- Would require an initial long tack, probably a couple of hours which, with the tide heading strongly north would also take me a further 3 or 4 miles north, with the tide that would take an hour or twos sailing to recover.
- A second tack might later be required to clear the Seven Stones - that is not a place you want to be close to windward of in a strongish wind and a high sea.
- The wind might always change, admittedly either way.
|The TSS, vessels going north use the easterly lane those going|
south the westerly. The purple shaded areas are buffer zones which
can only be entered by vessels crossing, joining, leaving, fishing or
in an emergency. On this occasion a large French yacht risked the
wrath of the coastguards by motoring slowly down the central
buffer zone advertising its presence with AIS.
I would have preferred to pass down the western edge of the lane but with the wind and tide, that turned out not to be possible so it was down the eastern side. In fact it proved difficult to reach the lane at all but I entered at 02:00 after giving a heads up to Falmouth Coastguard who are the controlling authority. It was a struggle to stay in the lane for the first 3 hours, all against the tide. During that time four ships including a large Ferry went past, the two smaller ones ploughing down the middle, the two larger ones sensibly going down the west side for maximum separation.
Then the wind started to veer, initially to the west which would have meant a beat to the Scillies, fortunately it later went further, back to the NW of the previous day. With no ships coming down the lane I moved across to the western side of the lane and then headed for St Mary's keeping to leeward of the Seven Stones.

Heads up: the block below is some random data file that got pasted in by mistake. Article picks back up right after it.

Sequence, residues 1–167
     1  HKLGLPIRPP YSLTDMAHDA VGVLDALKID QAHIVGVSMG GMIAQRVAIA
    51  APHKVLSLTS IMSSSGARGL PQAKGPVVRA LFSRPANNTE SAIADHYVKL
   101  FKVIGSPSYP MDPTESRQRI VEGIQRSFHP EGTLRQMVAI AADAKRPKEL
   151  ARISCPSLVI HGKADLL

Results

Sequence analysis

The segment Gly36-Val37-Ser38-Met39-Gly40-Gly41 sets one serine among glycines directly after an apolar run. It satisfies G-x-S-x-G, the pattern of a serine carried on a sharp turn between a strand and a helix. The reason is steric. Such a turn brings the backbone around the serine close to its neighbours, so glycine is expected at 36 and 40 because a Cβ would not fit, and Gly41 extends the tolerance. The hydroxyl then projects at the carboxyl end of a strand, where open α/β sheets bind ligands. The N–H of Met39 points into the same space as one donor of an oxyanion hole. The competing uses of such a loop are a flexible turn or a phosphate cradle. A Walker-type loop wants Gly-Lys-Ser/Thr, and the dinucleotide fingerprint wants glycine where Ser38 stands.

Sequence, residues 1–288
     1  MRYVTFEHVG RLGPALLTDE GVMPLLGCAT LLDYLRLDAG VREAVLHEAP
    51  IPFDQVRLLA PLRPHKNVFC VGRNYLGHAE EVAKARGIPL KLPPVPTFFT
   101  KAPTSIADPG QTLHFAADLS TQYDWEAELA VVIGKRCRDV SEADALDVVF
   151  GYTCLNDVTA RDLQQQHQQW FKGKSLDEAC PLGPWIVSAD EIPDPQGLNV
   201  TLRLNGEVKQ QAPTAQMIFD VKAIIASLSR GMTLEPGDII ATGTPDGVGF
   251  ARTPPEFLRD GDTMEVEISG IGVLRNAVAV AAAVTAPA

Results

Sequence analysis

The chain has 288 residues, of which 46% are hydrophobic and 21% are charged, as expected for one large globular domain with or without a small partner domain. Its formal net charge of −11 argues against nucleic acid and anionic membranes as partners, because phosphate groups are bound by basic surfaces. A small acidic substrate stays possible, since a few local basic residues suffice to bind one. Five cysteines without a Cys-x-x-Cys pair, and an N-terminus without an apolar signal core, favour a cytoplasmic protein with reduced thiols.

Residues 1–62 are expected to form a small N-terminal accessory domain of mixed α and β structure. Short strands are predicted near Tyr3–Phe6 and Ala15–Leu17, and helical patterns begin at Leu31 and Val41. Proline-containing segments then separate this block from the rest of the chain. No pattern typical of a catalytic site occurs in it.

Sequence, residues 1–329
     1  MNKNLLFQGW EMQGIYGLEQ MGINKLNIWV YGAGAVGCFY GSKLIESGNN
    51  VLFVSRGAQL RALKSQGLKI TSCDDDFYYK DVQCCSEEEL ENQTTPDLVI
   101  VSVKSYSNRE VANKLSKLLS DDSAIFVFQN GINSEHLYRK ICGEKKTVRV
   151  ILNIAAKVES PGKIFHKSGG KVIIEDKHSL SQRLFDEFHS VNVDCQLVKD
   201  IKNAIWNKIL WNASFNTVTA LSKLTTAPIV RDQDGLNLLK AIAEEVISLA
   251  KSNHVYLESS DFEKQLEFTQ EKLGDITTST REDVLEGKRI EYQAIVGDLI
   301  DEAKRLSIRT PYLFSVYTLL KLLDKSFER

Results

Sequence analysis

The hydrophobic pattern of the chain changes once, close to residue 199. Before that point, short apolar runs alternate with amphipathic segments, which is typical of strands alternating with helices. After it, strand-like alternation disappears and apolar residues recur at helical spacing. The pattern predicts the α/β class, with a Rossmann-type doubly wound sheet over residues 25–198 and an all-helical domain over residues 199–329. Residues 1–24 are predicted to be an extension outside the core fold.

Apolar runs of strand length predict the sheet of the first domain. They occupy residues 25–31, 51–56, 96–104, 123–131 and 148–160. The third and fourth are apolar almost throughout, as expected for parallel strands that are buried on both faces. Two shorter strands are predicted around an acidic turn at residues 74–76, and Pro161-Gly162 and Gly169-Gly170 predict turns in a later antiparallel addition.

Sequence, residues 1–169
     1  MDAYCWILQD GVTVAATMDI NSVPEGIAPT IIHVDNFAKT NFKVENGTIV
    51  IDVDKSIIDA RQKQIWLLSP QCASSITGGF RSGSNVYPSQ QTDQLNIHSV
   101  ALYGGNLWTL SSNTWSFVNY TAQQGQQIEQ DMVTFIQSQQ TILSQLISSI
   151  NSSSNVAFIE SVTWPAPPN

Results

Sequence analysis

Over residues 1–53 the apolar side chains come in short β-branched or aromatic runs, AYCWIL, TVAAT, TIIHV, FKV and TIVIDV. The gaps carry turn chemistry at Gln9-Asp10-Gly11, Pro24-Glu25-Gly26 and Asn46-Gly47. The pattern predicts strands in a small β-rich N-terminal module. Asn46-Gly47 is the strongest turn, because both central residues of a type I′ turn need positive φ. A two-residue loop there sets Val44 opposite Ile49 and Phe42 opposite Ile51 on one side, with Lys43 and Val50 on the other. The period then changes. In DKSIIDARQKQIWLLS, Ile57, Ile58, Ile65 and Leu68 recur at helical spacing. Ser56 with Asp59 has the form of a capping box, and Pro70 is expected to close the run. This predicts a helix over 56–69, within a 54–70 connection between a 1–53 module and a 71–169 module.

There were some very big steep fronted waves from the Seven Stones until in the shelter of the Islands, but they were well spaced and I was somewhat off the now stronger wind sailing with two reefs in the headsail and one in the main, and Sancerre gave me a reasonably comfortable ride.
|Approaching St Marys the sea now calm.|
|Approaching St Marys Pool and Hugh Town.|
Porth Cressa is a good anchorage in a north westerly but there were already a dozen boats anchored there and space for fin keeled boats is limited, tired I took the easy option and went to St Mary's Pool to pick up a mooring, it is not the best pace to be in a fresh NW wind but I didn't think I would have a problem sleeping and the wind was due to turn to the NE on Saturday and easterly on Sunday.
There were lots of buoys available which surprised me - it was crammed when I was there a year previously to the day. I thought that it might be the wind direction that had put people off. At the time of writing (Late Saturday, the day after my arrival) there are still few boats in, perhaps that will change with easterly winds helping people get her from the south coast and from France (where the majority of the visitors normally come from, at least pre BREXIT and Covid).
125 miles in 28 hours 30 minutes for an average of 4.4 knots with the engine used for less than two hours getting out of Milford and into St Marys.
Click here for my stay in the Isles of Scilly.